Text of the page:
He was no artist either in imaginative design or literary execution; he was before all else a thinker, a student of political phenomena, a searcher after the causes of events, an analyst of motives, a psychologist of individual character and of the temper of peoples, and, after a fashion, a moralist in his interpretation of history.
He cared little, or not at all, for the coloured surface of life; his chief concern is to seize the master motive by which men and events are ruled, to comprehend the secret springs of action. He is aristocratic in his politics, monarchical, an advocate for the centralisation of power; but he would have the monarch enlightened, constitutional, and pacific.
He values solid gains more than showy magnificence; and knowing the use of astuteness, he knows also the importance of good faith. He has a sense of the balance of European power, and anticipates Montesquieu in his theory of the influence of climates on peoples. There is something of pity, something of irony, in the view which he takes of the joyless lot of the great ones of the earth. Having ascertained how few of the combinations of events can be controlled by the wisest calculation, he takes refuge in a faith in Providence; he finds God necessary to explain this entangled world; and yet his morality is in great part that which tries good and evil by the test of success.
By the intensity of his thought Commines sometimes becomes striking in his expression; occasionally he rises to a grave eloquence; occasionally his irony is touched by a bitter humour. But in general he writes with little sentiment and no sense of beauty, under the control of a dry and circumspect intelligence. The fourteenth and fifteenth centuries form a period of transition from the true Middle Ages to the Renaissance. The national epopee was dead; the Arthurian tales were rehandled in prose; under the influence of the Roman de la Rose , allegory was highly popular, and Jean de Meun had shown how it could be applied to the secularisation of learning; the middle classes were seeking for instruction.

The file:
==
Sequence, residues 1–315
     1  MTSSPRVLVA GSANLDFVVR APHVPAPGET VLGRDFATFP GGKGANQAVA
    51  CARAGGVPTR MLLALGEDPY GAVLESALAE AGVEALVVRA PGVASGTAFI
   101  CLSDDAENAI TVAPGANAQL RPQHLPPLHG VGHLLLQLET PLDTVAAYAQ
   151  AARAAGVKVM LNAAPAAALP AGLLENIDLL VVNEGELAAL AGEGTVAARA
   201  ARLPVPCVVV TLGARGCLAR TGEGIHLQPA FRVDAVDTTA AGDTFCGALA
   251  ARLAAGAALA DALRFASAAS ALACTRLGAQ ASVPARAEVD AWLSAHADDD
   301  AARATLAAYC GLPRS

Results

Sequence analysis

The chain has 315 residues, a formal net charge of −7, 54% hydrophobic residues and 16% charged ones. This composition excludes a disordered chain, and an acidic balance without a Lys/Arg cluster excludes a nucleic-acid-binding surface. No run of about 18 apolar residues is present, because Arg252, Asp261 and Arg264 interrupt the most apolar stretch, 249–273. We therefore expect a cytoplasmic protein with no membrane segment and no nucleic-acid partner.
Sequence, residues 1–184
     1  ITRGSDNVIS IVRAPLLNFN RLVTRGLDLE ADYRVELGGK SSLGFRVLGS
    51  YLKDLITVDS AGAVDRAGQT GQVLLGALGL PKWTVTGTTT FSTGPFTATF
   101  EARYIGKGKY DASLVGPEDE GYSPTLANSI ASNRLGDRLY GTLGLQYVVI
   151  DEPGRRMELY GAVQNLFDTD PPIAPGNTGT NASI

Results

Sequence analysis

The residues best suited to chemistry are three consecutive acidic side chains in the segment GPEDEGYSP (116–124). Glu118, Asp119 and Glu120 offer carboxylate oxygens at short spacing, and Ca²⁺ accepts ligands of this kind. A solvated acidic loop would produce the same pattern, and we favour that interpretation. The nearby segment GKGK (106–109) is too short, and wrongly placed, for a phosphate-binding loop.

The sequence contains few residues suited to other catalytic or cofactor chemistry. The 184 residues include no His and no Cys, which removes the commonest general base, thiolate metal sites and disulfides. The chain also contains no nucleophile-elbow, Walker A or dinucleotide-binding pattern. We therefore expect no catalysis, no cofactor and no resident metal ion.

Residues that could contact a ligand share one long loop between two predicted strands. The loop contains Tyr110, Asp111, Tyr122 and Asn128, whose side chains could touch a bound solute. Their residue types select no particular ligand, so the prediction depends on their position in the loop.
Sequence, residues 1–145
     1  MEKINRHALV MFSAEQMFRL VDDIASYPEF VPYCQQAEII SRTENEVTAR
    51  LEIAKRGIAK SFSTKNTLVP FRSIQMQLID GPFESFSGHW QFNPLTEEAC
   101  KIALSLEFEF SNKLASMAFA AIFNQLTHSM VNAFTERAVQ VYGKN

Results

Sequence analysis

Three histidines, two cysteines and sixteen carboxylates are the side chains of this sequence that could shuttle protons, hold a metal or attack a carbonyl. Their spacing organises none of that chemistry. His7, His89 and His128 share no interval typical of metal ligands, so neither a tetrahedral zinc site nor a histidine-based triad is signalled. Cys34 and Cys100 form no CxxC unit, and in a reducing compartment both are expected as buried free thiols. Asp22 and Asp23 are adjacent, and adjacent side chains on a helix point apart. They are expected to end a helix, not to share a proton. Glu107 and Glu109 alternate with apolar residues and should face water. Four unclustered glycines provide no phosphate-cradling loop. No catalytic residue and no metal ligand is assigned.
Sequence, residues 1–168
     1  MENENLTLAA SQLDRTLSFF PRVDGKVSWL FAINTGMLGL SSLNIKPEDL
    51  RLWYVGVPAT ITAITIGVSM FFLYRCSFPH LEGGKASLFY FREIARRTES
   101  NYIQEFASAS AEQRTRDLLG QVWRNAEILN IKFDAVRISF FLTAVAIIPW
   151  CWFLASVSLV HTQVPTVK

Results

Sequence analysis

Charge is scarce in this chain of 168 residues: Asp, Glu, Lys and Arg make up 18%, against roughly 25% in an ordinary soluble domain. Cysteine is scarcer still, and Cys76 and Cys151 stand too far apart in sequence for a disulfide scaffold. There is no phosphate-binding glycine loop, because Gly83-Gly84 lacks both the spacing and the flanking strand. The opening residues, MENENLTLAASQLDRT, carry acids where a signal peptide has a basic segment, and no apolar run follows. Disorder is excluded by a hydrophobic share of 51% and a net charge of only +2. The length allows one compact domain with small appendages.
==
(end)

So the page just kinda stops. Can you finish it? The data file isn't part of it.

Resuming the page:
In lyric poetry the free creative spirit had declined, but the technique of verse was elaborated and reduced to rule; ballade, chant royal, lai, virelai, rondeau were the established forms, and lyric verse was often used for matter of a didactic, moral, or satirical tendency. Even Ovid was tediously moralised c. Literary societies or puys 1 were instituted, which maintained the rules of art, and awarded crowns to successful competitors in poetry; a formal ingenuity replaced lyrical inspiration; poetry accepted proudly the name of "rhetoric. He enjoyed a tranquil old age in his province of Champagne, cultivating verse and music with the applause of his contemporaries.
Eighty thousand lines, twelve hundred ballades, nearly two hundred rondeaux, a vast unfinished satire on woman, the Miroir de Mariage , fatigued even his own age, and the official court poet of France outlived his fame. He sings of love in the conventional modes; his historical poems, celebrating events of the day, have interest by virtue of their matter; as a moralist in verse he deplores the corruption of high and low, the cupidity in Church and State, and, above all, applies his wit to expose the vices and infirmities of women.